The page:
The book Be Your Own Thyroid Advocate: When You’re Sick and Tired of Being Sick and Tiredwhich covers Rachel’s personal journey of going from being suicidal and extremely unwell with hypothyroidism and Hashimoto’s, to no longer struggling with her mental health and instead thriving in every way.


You may also consider online therapy with BetterHelp

You can click on the hyperlinks in the above post to learn more and see references to information given.

About Author

Rachel Hill is the highly ranked and multi-award winning thyroid patient advocate, writer, speaker and author behind The Invisible Hypothyroidism. Her thyroid advocacy work includes writing articles, authoring books, producing her Thyroid Family email newsletters and speaking on podcasts and at events about the many aspects thyroid disease affects and how to overcome these. She is well-recognised as a crucial and influential contributor to the thyroid community and has a large social media presence. Her bestselling books include "Be Your Own Thyroid Advocate" and "You, Me and Hypothyroidism".


  • Holly
    June 3, 2020 at 2:03 pm

    I have had thyroid issues sense I was 12 maybe younger that went diagnosed. Everyone thought it was anxiety and depression so I believed them bc I was young and dumb. When I was 19 is when things started really getting rough. I was hyperthyroid and then a year and a half later went to hypothyroid with my thyroid not working at all. It crashed the same time I was on thyroid meds. The thyroid suppressants also caused me depression which no doc would listen to. I was almost committed twice, I was suicidal, I was in pain and swinging between hyper thyroid. Eventually had a thyroid crisis and had a thyroidectomy bc I couldn’t take it any longer. Went gluten and dairy free which helped so much but still needed the surgery. That surgery gave me my life back. At 19 I was 110-115 lbs and in great shape. 2 years later I was 82 lbs and walking up stairs was running a marathon. Thyroid disease took my life from me and support pages like this helped me get it back. Docs thought I was bipolar but turns out swinging from hyper to hypo in the snap of your fingers would make anyone nutty. Still get flashbacks to what it was like being crazy and sick.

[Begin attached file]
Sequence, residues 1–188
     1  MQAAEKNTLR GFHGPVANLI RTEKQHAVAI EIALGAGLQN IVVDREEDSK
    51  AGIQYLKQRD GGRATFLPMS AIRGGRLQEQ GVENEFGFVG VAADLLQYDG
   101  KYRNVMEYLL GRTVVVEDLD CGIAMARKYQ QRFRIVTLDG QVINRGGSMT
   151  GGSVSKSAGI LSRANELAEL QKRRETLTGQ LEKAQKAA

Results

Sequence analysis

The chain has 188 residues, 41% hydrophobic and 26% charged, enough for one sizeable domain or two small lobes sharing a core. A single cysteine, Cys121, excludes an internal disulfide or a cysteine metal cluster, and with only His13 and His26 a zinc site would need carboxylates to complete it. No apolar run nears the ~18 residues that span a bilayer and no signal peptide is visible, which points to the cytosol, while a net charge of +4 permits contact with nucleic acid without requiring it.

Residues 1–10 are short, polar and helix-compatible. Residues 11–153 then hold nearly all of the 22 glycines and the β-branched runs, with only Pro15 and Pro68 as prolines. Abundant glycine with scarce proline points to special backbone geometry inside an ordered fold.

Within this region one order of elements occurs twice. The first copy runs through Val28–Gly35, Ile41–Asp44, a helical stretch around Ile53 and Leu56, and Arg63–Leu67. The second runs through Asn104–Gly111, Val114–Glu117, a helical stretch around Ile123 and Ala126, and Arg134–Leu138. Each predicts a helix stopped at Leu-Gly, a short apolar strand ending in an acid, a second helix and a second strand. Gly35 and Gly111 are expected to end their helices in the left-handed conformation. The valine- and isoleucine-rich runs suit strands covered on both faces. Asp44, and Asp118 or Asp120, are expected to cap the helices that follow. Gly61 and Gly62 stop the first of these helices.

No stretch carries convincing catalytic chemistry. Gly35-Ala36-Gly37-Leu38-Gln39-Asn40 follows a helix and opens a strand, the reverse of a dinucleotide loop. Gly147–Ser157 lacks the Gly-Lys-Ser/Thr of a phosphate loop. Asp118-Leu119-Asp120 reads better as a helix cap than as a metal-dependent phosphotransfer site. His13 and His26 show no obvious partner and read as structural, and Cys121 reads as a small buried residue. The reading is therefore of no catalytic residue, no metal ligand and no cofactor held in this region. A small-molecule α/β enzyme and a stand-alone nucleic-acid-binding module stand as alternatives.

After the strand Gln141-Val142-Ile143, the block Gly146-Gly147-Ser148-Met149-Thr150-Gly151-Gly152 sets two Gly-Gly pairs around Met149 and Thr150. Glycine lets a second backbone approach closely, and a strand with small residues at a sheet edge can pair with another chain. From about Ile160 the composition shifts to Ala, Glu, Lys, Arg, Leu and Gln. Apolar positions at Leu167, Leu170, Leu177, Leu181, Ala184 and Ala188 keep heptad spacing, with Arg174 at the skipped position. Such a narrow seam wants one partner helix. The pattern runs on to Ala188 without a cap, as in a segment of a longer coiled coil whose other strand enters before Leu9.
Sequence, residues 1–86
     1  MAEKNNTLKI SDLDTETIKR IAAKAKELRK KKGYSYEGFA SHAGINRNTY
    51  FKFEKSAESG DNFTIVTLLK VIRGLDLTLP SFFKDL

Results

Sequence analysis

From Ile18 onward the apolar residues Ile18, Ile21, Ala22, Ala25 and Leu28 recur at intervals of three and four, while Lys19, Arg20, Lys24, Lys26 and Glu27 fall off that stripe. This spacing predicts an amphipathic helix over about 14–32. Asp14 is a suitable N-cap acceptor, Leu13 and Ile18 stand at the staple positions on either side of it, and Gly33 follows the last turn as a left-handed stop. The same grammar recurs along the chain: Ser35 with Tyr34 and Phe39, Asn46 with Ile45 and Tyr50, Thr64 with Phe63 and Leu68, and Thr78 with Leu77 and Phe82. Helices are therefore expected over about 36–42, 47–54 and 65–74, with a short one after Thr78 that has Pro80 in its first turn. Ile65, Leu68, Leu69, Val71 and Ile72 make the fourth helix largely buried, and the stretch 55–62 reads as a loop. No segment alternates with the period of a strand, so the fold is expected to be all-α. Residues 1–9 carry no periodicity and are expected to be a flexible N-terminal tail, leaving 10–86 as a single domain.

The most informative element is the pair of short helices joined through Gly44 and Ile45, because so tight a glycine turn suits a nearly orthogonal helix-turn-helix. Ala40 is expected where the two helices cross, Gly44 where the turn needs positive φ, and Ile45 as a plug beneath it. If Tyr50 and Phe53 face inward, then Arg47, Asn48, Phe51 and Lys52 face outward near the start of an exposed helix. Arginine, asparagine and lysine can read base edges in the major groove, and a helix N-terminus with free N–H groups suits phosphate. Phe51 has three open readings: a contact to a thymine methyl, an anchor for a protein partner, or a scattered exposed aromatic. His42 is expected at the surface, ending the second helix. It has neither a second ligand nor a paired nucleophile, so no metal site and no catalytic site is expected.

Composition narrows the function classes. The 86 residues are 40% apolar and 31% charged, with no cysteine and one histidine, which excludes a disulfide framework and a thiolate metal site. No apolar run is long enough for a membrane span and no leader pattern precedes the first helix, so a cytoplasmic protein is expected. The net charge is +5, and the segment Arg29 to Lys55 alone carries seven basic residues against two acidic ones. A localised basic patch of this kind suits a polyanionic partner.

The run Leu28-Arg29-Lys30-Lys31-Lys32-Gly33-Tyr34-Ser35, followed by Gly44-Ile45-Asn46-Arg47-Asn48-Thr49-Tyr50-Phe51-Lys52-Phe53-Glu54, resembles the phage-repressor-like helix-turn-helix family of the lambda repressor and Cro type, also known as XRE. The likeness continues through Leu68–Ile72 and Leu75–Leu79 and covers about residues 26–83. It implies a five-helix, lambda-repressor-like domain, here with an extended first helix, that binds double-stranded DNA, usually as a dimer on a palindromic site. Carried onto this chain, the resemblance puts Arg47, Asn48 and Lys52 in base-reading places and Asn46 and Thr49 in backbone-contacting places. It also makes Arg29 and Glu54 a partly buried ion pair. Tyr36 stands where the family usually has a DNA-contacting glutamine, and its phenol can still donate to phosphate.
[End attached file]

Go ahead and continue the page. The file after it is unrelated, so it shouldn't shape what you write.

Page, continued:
• Gill L
    October 2, 2019 at 11:39 am

    I can totally understand all the comments above. In December 18 6 months after diagnoses I was offered tablets for low mood. I refused as I hoped (from what I’d read) that correct levels would improve the situation. I totally pulled back from my life and the world. I got to what I believe to be the correct level of Levo for me in March this year and feel in the last 3 months I have turned a corner at last. It does mean I pick and choose more carefully what I do or don’t do but that means I spend more time doing what I really enjoy. If I have days when I don’t want to talk/go outside I don’t beat myself up about it as I know I could feel different in 24hrs time so I do the essentials only and hit the sofa and box set. It’s definately a different life and I’m sad for that but I can now occasionally party on with the best of them – it just takes a lot longer to recover. You’ve got to believe it can get better and keep fighting and trying new things to help it. Good luck and stay strong.

  • Heather R Barrett
    September 19, 2019 at 12:22 pm

    I have been suffering since I was young! I turned 46 on Monday September 16, 2019. I have not been diagnosed yet even though I have all the symptoms of hypothyroidism. I have also been a nurse for 18 yrs! You would think they would listen to me! NO THEY DONT! Finally I have a doc appt in a week with my gynecologist, God I hope he listens. How can they not do a simple full thyroid panel? I just dont understand why that’s so hard!